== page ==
The Denver Sonnets Project is an ongoing public art project, open to a variety of actors and filmmakers. Another new short sonnet film is posted here every Monday. Please support the Denver Actors Fund at www.DenverActorsFund.Org.

Video series by John Moore. Sonnet 55 recorded and produced by Ulysses Porter Brown.

The Denver Sonnets Project is a volunteer collaboration, with limited eligibility requirements for participation. For information on how to register for a future episode, email your interest to John Moore at culturewestjohn@gmail.com.

cajardp

Completed episodes to date (in numeric order):

Sonnet 1: Cast of “Cult Following”: “From fairest creatures we desire increase …”

Sonnet 2: Josh Robinson, “See thy blood warm …”

Sonnet 6, Joe Von Bokern: “Make worms thine heir!”

Sonnet 10, Augustus Truhn: “Thou art so possessed with murd’rous hate …”

Sonnet 17: Anne Sandoe: “If I could write the beauty of your eyes …”

Sonnet 23: Gabra Zackman, “As an unperfect actor on a stage …”

Sonnet 31: Sean Scrutchins and Devon James: “Thou art the grave where buried love doth live …”

Sonnet 36: Rachel Fowler, “I may not evermore acknowledge thee …”

Sonnet 44: John Carroll Lynch, “Thought kills me that I am not thought …”

Sonnet 47: Adrian Egolf, “Thyself away are present still with me …”

Sonnet 73: Jim Hunt: “Love that well which thou must leave ere long …”

Sonnet 74: Lowry Elementary School: “Thou hast but lost the dregs of life …”

Sonnet 90: Adam Stone: “If thou wilt leave me, do not leave me last …”

Sonnet 94: James O’Hagan-Murphy: Sweetest things turn sourest by their deeds …”

Sonnet 124: Cast of Colorado Shakespeare Festival’s ‘The Tempest’

Sonnet 131: Josh Nelson, “In nothing art thou black save in thy deeds …”

Sonnet 136: Lyndsay and Jeremy Palmer, “Make but my name thy love …”

Sonnet 144: Cailin Doran, “Two loves I have, of comfort and despair …”

 

Please consider supporting the Denver Actors Fund at www.DenverActorsFund.Org

Denver Sonnets Project, No. 31: Sean Scrutchins and Devon James

By John Moore

CultureWest.Org is endeavoring to make short films out of all 154 of Shakespeare’s sonnets, each featuring actors with Colorado connections. The artistic intent is primarily to further CultureWest’s mission to spotlight the local theatre community and their current or upcoming productions. It’s also an attempt to promote Shakespeare education in a fun way. This is an entirely volunteer project with a proud budget of … zero dollars.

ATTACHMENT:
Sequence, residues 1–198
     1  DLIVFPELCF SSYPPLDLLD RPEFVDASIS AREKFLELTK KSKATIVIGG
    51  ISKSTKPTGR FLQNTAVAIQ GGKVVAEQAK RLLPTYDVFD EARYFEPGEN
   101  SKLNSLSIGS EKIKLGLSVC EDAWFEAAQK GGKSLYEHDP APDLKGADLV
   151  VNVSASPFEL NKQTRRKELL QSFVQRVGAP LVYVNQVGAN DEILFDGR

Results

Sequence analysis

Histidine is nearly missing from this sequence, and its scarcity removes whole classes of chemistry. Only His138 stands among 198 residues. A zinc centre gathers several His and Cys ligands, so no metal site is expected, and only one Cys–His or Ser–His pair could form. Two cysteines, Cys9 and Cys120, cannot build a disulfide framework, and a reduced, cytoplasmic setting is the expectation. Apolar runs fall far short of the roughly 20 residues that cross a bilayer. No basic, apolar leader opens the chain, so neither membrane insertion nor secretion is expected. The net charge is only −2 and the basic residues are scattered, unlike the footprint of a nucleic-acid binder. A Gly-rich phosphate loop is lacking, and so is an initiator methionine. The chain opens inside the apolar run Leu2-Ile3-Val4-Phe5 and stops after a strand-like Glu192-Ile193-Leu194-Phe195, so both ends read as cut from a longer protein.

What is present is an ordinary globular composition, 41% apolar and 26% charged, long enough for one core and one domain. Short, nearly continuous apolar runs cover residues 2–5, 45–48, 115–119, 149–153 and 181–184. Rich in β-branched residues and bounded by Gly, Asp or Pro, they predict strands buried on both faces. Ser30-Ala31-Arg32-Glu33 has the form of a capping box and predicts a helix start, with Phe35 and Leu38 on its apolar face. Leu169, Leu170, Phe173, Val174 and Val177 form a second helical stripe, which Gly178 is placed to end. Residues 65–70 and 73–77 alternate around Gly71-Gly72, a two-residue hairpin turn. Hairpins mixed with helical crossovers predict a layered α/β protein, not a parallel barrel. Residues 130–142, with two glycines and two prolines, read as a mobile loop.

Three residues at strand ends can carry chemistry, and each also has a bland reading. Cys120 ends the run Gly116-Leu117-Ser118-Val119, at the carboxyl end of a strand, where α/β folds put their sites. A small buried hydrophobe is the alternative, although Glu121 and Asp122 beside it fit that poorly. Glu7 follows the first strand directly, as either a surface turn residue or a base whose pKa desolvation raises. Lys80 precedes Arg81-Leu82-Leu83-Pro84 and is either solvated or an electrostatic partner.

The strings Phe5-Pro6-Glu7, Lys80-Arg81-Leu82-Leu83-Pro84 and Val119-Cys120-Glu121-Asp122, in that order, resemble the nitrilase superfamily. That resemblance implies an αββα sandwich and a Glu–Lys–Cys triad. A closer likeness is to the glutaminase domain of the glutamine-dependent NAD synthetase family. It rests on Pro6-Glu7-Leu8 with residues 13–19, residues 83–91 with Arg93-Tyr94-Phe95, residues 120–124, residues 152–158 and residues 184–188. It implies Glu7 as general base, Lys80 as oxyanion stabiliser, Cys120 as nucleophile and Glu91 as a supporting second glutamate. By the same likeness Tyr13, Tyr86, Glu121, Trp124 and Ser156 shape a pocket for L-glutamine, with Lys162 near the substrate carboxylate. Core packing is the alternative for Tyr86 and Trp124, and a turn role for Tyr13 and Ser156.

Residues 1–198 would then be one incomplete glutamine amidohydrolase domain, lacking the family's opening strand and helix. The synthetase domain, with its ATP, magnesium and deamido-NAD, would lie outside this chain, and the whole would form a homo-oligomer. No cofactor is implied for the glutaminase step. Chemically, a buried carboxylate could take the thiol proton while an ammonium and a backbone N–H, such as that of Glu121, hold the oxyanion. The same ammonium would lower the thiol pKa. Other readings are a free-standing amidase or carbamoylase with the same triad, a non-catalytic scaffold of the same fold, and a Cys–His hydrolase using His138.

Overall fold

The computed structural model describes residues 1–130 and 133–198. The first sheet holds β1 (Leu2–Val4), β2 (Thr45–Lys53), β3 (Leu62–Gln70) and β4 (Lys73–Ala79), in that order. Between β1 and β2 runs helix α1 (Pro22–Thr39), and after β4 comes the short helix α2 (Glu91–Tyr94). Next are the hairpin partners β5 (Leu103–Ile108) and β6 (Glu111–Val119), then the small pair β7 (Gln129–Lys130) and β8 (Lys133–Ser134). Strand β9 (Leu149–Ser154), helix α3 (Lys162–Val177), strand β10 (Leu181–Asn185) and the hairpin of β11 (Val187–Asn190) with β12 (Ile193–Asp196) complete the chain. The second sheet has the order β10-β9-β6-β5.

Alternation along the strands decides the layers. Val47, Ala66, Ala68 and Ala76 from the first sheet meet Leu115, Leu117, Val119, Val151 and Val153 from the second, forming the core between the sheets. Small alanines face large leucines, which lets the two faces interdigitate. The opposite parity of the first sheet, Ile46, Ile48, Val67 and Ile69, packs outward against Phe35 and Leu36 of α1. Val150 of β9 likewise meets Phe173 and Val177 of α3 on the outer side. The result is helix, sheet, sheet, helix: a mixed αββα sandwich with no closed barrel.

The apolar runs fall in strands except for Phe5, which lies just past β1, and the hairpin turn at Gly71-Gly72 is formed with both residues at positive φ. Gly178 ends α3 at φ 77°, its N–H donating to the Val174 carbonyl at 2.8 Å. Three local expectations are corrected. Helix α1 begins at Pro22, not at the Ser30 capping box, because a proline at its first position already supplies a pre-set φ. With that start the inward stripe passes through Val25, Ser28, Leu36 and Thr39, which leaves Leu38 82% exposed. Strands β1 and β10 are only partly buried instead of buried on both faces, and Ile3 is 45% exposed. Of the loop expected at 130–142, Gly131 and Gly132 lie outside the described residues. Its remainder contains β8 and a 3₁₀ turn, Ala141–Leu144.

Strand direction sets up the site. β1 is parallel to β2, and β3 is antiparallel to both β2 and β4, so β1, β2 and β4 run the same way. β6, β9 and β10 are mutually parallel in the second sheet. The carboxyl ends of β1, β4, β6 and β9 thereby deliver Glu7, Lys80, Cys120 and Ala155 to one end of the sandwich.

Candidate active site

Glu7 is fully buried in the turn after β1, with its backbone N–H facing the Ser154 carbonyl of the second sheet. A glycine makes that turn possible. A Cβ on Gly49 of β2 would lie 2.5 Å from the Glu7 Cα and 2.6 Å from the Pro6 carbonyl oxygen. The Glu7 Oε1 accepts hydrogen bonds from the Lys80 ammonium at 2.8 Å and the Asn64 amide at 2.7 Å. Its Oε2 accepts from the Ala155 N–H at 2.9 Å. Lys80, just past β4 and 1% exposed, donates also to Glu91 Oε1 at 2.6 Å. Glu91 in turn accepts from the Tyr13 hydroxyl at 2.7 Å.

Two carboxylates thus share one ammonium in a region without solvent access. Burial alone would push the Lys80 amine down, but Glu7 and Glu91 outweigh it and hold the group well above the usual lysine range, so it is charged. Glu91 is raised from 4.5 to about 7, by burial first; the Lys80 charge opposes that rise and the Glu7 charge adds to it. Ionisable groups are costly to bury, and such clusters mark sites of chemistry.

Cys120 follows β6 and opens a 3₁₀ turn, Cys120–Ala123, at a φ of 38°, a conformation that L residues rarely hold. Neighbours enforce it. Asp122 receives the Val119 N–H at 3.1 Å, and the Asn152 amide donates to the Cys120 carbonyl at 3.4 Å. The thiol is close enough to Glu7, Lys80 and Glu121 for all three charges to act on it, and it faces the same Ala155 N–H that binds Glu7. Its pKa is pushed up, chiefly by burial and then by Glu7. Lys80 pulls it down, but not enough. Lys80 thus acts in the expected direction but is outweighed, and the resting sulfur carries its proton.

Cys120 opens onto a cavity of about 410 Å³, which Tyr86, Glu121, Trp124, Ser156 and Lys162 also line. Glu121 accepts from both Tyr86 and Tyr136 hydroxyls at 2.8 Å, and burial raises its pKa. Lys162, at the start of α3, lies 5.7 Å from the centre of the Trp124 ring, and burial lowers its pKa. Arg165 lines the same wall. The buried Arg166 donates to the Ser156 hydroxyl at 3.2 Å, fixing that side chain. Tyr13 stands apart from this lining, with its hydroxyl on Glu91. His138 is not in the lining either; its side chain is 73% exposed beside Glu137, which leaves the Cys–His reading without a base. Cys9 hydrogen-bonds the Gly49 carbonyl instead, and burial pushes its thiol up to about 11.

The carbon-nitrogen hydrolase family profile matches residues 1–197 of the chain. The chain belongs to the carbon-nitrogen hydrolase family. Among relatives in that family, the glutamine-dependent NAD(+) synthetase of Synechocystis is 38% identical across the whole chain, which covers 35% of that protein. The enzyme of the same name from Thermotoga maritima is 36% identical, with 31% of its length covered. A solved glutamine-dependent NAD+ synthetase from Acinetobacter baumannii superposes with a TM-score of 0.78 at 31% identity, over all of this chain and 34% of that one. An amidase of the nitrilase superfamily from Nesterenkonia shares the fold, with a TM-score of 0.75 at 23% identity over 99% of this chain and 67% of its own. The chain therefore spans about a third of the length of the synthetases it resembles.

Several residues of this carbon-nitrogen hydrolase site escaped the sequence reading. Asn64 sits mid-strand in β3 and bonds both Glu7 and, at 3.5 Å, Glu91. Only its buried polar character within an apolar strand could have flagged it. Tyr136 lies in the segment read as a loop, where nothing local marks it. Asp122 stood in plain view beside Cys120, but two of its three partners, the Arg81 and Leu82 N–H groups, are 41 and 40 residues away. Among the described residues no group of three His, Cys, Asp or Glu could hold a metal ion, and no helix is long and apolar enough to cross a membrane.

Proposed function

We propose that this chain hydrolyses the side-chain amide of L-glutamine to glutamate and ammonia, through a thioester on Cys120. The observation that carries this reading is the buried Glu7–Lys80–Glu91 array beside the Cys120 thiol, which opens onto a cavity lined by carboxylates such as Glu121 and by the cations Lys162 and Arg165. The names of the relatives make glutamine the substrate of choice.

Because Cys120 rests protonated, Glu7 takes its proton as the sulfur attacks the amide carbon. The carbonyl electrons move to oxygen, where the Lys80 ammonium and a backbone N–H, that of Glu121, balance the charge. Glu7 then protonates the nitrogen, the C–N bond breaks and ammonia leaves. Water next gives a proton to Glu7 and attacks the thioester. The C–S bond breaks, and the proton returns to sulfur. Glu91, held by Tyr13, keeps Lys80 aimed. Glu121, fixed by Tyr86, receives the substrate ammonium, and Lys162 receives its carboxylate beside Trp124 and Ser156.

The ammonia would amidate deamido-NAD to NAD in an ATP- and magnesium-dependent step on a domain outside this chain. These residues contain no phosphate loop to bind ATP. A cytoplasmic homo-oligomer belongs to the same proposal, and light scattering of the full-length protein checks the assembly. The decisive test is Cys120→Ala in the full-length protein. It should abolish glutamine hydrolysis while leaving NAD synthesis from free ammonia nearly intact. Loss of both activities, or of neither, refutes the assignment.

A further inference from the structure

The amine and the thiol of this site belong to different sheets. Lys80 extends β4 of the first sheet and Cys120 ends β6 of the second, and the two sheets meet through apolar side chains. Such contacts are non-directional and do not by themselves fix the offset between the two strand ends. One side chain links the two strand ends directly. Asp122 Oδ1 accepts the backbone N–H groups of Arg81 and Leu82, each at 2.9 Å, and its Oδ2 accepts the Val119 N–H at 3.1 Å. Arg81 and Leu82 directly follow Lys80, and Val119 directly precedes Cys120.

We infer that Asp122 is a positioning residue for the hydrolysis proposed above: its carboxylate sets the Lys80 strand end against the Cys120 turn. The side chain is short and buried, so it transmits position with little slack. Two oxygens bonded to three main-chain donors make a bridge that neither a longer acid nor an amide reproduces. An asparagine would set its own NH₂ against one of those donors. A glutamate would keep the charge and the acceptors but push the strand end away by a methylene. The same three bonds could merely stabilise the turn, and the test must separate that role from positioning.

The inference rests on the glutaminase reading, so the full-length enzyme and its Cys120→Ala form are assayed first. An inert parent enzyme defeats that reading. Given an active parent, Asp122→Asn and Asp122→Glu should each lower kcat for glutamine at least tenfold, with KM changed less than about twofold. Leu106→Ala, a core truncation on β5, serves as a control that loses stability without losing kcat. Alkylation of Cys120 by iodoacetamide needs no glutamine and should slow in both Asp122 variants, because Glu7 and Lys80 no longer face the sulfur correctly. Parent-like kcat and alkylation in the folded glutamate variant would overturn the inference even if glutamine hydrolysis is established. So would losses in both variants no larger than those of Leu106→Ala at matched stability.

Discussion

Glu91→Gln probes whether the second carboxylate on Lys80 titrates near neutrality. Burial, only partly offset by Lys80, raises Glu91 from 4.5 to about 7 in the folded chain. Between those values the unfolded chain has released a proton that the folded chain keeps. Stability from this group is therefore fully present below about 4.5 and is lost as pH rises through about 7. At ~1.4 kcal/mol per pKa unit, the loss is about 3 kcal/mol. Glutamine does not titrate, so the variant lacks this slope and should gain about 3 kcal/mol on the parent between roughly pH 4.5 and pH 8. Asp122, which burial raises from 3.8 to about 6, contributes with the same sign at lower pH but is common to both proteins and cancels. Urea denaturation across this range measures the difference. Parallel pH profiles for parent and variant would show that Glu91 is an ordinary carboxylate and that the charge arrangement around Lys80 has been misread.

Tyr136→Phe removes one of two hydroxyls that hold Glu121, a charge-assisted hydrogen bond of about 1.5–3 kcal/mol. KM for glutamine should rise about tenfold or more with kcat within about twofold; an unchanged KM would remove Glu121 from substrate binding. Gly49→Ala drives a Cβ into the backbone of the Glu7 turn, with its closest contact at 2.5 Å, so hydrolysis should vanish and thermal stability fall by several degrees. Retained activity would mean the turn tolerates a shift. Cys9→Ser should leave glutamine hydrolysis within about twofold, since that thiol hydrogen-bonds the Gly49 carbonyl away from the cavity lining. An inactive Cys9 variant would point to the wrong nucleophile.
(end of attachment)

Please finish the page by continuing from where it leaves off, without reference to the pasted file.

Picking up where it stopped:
We are rolling one Sonnet video a week for … zoinks! … 154 weeks. Here’s a link to the YouTube playlist that hosts the entire series.

For a very special Sonnet 31, married actors Sean Scrutchins and Devon James, on the eve of the birth of their first child, take a moment to honor their many departed family members who will be immortalized in their son, Liam. “Thou art the grave where buried love doth live …” Scrutchins is a Henry Award (Curious’ “Nine Circles”) and True West Award winner (Colorado Shakespeare Festival’s “A Midsummer Night’s Dream”); while James is a True West Award winner herself (Curious’ “Time Stands Still”). Both are also teaching Artists with the Denver Center Theatre Academy. IMG_4947USE

The Denver Sonnets Project is an ongoing public art project, open to a variety of actors and filmmakers. Another new short sonnet film is posted here every Monday. Please support the Denver Actors Fund at www.DenverActorsFund.Org.

Video by John Moore.

The Denver Sonnets Project is a volunteer collaboration, with limited eligibility requirements for participation. For information on how to register, email your interest to John Moore at culturewestjohn@gmail.com.

Completed episodes to date (in numeric order):

Sonnet 1: Cast of “Cult Following”: “From fairest creatures we desire increase …”

Sonnet 2: Josh Robinson, “See thy blood warm …”

Sonnet 6, Joe Von Bokern: “Make worms thine heir!”

Sonnet 10, Augustus Truhn: “Thou art so possessed with murd’rous hate …”

Sonnet 17: Anne Sandoe: “If I could write the beauty of your eyes …”

Sonnet 23: Gabra Zackman, “As an unperfect actor on a stage …”

Sonnet 31:  Sean Scrutchins and Devon James: “Thou art the grave where buried love doth live …”